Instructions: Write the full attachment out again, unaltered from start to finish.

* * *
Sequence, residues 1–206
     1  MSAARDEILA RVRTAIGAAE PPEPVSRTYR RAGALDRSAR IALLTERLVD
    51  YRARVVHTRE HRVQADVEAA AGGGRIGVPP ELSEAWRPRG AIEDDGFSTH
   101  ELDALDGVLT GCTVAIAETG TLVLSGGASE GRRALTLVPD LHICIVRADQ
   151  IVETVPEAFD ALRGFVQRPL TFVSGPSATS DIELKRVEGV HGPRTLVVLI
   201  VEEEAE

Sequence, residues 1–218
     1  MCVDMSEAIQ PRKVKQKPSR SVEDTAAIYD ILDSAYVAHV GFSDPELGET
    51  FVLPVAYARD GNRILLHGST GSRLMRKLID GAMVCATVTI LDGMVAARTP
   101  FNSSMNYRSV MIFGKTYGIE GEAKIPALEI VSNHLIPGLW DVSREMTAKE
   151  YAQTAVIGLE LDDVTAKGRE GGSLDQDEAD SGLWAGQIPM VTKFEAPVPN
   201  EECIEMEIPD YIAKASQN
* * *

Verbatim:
Sequence, residues 1–206
     1  MSAARDEILA RVRTAIGAAE PPEPVSRTYR RAGALDRSAR IALLTERLVD
    51  YRARVVHTRE HRVQADVEAA AGGGRIGVPP ELSEAWRPRG AIEDDGFSTH
   101  ELDALDGVLT GCTVAIAETG TLVLSGGASE GRRALTLVPD LHICIVRADQ
   151  IVETVPEAFD ALRGFVQRPL TFVSGPSATS DIELKRVEGV HGPRTLVVLI
   201  VEEEAE

Sequence, residues 1–218
     1  MCVDMSEAIQ PRKVKQKPSR SVEDTAAIYD ILDSAYVAHV GFSDPELGET
    51  FVLPVAYARD GNRILLHGST GSRLMRKLID GAMVCATVTI LDGMVAARTP
   101  FNSSMNYRSV MIFGKTYGIE GEAKIPALEI VSNHLIPGLW DVSREMTAKE
   151  YAQTAVIGLE LDDVTAKGRE GGSLDQDEAD SGLWAGQIPM VTKFEAPVPN
   201  EECIEMEIPD YIAKASQN